AnyLigamentModelPol LigModel = {
L0 = 1.30; // Slack length
eps1 = 0.2; // Strain where F1 is valid
F1 = 1000; // Force in the ligament at strain eps1
a0 = 0.0;
};

Subsequently reload the model, run InverseDynamics, and plot the ligament force again. You will see the following:

Chart view Model.Lig.Fin 3

The specification has created a continuous slope of 0 where the curve previously had a kink. Notice that the curve converges back to the “nominal” slope given by the two points (L0,0) and (eps1,F1)

If you try the following:

AnyLigamentModelPol LigModel = {
L0 = 1.30; // Slack length
eps1 = 0.2; // Strain where F1 is valid
F1 = 1000; // Force in the ligament at strain eps1
a0 = 0.5;
};

then you get something in between, as the following curve:

Model.Lig.Fin plot 2

The significance of a1 is much the same, except it has its effect at the point (eps1,F1) rather than at (L0,0). If, for instance you insert

AnyLigamentModelPol LigModel = {
L0 = 1.30; // Slack length
eps1 = 0.2; // Strain where F1 is valid
F1 = 1000; // Force in the ligament at strain eps1
a0 = 0.5;
a1 = 0.0;
};

then you will get a curve that attains zero slope at (eps1,F1):

Model.Lig.Fin zero slope

So, a1 = 0.0 corresponds to zero slope, and the default value of a1 = 1.0 corresponds to the slope given by the values of L0, eps1, and F1. You can similarly increase the slopes by increasing a1:

Model.Lig.Fin plot different slopes

Unlike normal fourth order polynomials, these curves will continue predictably with no oscillation for as long as desired after (eps1,F1). The reason for this behavior is the default setting of the parameter

LinRegionOnOff = On

which causes the curve to continue a linear behavior after (eps1,F1). You can, however, obtain the clean fourth order polynomial behavior as you like by switching this setting off:

AnyLigamentModelPol LigModel = {
L0 = 1.30; // Slack length
eps1 = 0.2; // Strain where F1 is valid
F1 = 1000; // Force in the ligament at strain eps1
a0 = 0.5;
a1 = 1.0;
LinRegionOnOff = Off;
};

Ligrament plot, fourth order

Clearly, this causes the curve to diverge after (eps1,F1), which is typical for higher order polynomials. Unless you have some special reason to prefer the pure fourth-order behavior, we recommend that you leave LinRegionOnOff = On.

Calibration

Most ligaments in the body are rather stiff structures in which the force builds up quickly when they are stretched beyond the slack length. This means that a small error in slack length specification could lead to a large error in computed ligament force. It therefore becomes crucial that the ligaments fit the other parts of the model exactly.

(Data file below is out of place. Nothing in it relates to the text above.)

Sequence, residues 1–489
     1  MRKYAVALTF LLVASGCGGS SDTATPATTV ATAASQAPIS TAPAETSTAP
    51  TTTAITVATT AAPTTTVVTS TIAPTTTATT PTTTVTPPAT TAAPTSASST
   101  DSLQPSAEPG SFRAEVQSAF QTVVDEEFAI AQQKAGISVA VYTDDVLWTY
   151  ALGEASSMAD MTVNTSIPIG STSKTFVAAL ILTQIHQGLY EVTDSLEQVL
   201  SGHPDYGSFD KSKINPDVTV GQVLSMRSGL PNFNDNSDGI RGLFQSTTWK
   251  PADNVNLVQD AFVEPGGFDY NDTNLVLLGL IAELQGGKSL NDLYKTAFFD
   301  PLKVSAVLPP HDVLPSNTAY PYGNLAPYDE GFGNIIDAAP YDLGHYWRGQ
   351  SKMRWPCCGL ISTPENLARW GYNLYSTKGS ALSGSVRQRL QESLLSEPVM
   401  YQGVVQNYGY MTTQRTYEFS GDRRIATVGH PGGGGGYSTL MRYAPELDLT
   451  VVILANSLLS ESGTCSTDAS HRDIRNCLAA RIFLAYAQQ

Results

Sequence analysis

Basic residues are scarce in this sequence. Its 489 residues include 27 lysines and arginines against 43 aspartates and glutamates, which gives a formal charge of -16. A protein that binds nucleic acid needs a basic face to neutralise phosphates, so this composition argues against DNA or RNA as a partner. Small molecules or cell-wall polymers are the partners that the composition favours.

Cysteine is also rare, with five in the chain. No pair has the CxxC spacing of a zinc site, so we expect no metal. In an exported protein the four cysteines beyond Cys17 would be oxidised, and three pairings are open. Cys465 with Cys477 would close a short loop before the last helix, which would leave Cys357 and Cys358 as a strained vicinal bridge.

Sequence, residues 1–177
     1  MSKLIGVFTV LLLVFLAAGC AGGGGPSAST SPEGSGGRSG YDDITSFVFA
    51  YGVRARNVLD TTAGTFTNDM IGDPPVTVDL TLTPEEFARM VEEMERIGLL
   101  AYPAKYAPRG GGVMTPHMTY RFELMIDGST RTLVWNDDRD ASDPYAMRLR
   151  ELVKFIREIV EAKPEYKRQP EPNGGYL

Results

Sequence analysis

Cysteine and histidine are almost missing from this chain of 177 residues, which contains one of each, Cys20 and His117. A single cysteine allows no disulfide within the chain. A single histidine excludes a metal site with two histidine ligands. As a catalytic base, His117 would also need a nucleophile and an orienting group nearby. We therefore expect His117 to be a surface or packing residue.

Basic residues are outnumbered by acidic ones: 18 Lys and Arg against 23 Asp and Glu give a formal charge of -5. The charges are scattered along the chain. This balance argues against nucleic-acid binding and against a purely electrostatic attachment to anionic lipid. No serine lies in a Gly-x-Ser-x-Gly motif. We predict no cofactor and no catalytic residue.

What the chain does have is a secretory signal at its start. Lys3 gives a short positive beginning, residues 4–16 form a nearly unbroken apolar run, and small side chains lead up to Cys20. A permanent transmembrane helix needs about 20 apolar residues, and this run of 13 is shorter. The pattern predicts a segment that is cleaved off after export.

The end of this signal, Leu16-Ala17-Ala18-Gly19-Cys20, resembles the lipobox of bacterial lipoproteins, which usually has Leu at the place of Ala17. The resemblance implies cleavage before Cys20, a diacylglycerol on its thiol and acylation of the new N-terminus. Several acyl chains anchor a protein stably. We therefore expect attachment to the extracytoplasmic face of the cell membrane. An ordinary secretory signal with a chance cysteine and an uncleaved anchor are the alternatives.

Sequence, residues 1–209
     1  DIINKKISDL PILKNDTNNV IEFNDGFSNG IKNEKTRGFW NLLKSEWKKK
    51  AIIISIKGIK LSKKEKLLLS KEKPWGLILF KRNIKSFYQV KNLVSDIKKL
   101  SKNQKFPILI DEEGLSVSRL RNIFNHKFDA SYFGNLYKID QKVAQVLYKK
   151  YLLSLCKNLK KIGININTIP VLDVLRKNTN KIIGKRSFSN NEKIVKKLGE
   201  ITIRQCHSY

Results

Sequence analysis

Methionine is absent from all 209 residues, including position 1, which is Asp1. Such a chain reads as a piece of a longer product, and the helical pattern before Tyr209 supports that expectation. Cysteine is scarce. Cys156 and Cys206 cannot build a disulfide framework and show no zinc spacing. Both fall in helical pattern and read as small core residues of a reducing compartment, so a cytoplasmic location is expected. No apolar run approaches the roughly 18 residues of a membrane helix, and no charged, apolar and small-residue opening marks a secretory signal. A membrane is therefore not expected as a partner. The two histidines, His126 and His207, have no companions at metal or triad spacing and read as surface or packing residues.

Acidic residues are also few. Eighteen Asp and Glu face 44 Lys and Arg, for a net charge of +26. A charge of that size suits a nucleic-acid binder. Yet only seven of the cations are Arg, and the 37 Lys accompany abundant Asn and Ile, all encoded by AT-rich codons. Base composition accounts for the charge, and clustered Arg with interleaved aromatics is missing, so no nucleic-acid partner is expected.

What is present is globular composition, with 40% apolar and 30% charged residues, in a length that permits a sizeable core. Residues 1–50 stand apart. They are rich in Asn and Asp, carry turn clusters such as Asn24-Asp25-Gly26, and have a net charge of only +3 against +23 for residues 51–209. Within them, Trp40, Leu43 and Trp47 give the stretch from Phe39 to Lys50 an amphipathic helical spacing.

The easiest way to determine ligament slack lengths is by means of joint angles. For most joints where ligaments play an important role, it is obvious in which position of the joint the ligament becomes taut. Therefore, ligaments are calibrated just like muscles by positioning the joints in question and letting the system automatically change L0 of each ligament to the length in that position.

Lets try to calibrate our ligament. The first thing we must do is to create a Calibration Study:

AnyBodyCalibrationStudy LigCali = {
AnyFolder &Model = .LigModel;
nStep = 1;

// This driver puts the joint into the calibration position
AnyKinEqSimpleDriver Position = {
DriverPos = {-pi/4};
DriverVel = {0.0};
AnyRevoluteJoint &Jnt = Main.LigModel.Joint;
};
};

Notice the driver in the study. It positions the joint at the angle of -pi/4. This becomes the position in which the ligament has its slack length. Try loading the model and then browse your way through the tree to the L0 property of the ligament model:

Tree, LigModel.L0

Double-click it, and its value is shown in the Object Description window. You should find a value of

Main.LigModel.LigModel.L0 = 1.300000;

This is the slack length of the ligament at load time as defined in the ligament model. Now, run the LigCali.LigamentLengthAdjustment operation, and subsequently double-click the L0 property again. Now you will see a value of

Main.LigModel.LigModel.L0 = 1.573132;

The system has extended the ligament length a bit to fit the joint angle of -pi/4. Run the InverseDynamics study again, and see the influence of the increased slack length:

Ligament plot final

You can find the final version of the ligament demo file here.